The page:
Concern grows over long-term effects of football head injuries

Thomas Darden Photo by Charles Hallman
Thomas Darden
Photo by Charles Hallman


(Originally published July 5, 2012 in MSR)

Thomas Darden is among more than 2,000 former players who are suing the National Football League, arguing that the league concealed information from them about football-related injuries and long-term brain damage.

We are slowly learning that playing football can be dangerous to one’s health. At least three former pro players’ deaths, all ruled suicides, may actually be attributable to brain damage suffered from years of playing the sport.

“I forget things,” says Darden, who played defensive back for nine seasons for Cleveland (1972-81). “I may have a thought and lose that thought. Sometimes I attribute that to my old age. I’ve had a few concussions — you don’t play this game, especially if you are a defensive back and hitting people, and not get concussions.”

In his playing days in the late 1970s, Darden says medical treatment often consisted of putting some smelling salts in your nose, slapping your face a couple of times like Moe Howard of the Three Stooges, and putting you back in the game. He recalled once being put back into a game after getting “his bell rung.”

“I didn’t know I had a concussion, and I played the whole fourth quarter, and I made all my [defensive] calls. Today I’m thinking how in the world I could have done that.”

I first met Darden when I was a high school junior. He and other pros played in a benefit basketball game at my school, and I was asked to operate the scoreboard clock. After that game, I went into the players’ locker room and Darden signed my program.

Several years ago — over three decades later — I ran into Darden at a church conference and reminded him of that first meeting.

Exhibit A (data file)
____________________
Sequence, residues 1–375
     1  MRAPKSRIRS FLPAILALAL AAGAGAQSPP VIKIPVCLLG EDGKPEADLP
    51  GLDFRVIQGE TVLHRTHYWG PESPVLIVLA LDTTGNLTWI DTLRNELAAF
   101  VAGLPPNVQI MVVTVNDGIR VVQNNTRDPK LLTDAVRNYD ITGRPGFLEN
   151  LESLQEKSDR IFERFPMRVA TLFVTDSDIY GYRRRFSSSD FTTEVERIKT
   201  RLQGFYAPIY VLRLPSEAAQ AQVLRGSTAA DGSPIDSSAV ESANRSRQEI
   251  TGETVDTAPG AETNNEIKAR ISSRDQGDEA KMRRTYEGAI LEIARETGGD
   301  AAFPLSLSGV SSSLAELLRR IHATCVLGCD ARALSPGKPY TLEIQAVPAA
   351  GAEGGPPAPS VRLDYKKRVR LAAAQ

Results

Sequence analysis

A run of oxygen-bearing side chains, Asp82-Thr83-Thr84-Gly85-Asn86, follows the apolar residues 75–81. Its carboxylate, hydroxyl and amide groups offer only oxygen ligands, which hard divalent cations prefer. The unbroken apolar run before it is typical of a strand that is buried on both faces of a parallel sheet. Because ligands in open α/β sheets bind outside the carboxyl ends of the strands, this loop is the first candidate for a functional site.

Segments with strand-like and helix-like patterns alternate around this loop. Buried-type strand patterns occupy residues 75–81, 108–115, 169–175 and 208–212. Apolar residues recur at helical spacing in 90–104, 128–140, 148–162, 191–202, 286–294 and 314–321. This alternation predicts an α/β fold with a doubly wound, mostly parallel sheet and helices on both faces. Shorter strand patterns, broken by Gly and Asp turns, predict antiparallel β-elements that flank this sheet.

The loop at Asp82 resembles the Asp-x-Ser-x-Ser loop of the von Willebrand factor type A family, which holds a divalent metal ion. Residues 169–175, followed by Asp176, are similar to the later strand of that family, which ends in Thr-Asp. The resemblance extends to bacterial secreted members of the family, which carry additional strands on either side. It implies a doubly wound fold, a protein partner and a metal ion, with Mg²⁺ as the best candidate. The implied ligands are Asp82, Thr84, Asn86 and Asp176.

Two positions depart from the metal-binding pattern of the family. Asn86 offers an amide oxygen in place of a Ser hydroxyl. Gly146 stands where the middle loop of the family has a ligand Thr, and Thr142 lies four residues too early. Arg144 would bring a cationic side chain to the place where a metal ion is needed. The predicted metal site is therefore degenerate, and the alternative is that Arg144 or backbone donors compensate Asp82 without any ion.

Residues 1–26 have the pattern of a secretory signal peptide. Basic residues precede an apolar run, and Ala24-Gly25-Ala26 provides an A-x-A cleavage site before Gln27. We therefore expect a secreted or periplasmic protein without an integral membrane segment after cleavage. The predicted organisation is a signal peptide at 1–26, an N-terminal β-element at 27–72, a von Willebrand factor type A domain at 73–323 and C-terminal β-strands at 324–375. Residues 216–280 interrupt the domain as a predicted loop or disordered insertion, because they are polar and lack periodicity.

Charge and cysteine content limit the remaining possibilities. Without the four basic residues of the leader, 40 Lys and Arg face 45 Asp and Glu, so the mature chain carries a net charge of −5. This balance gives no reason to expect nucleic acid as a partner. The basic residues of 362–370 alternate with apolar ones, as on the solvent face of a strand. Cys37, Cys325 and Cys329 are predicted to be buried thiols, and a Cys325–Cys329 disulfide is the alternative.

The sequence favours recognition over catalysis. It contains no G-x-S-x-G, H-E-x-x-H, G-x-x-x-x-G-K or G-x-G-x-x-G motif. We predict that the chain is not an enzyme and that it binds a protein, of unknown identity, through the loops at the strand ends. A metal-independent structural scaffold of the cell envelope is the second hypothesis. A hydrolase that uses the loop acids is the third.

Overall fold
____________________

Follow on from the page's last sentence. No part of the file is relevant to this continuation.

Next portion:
The Big Ten and the Ivy League last month announced that they are cosponsoring research on head injuries in sports. The NFL in 2010 began studying the concussions issue and instituted new rules to better protect players from direct hits to their head.

Yet Darden says he’s not sure that the league is really serious about it.

“My hope is that with all the attention now, and the league having to deal with the lawsuits, and the media giving it more attention, and guys…committing suicide, that this will stay in the forefront until they figure out how to get better helmets and better equipment.

“There’s no reason why we should not…get a new helmet,” notes Darden. “[With] the technology today, we can’t figure out how to take a helmet [to] absorb the blow and distribute that collusion and impact to another spot away from your head?”

It’s also disappointing that a bunch of former players, and not the current ones, seem to be the only ones fighting for this issue, states Darden. “I don’t like the fact that we are slighted. I’d rather be a part of a whole group committed to getting…the older retired players taken care of by the league as much as possible.”

He does get a pension: “We receive ‘legacy benefits,’” explains Darden, adding that compared to baseball and basketball players, “the football players association has not negotiated or taken care of the older players.

“When we were playing, we reached back and brought in the guys as far back as the 40s,” continues Darden. “We didn’t make a whole lot of money, but we felt an obligation to make sure that those guys who weren’t receiving much in pension benefits…got a [financial] boost.”

He doesn’t sense the same understanding among today’s NFL players — that one day they will join him as former players. “I can’t put my finger on it, but I know the more money [current players] started to make, the more they started to separate themselves from the guys that started this thing.

“These guys are making so much money, and the owners are making so much more money, that it wouldn’t take that much to set aside dollars to find insurance policies for players who’ve had five or six knee operations or guys that had other aliments.”

Darden has advice for those who think football is too violent and want drastically new rules: “Changing the rules is not the answer, because when you start changing the rules, you’re changing the game,” concluding that pro football shouldn’t turn into “a game of touch.”


Did you know…?

Who is the first Black coach in the NFL? (Answer in next week’s “View.”)

Answer to last week’s question: Name the first NBA champions with at least one Black player. The 1954-55 NBA Champion Syracuse Nationals had two: Earl Lloyd and Jim Tucker. It would be two seasons later before at least one Black player, Boston’s Bill Russell, would play again on a league championship team.


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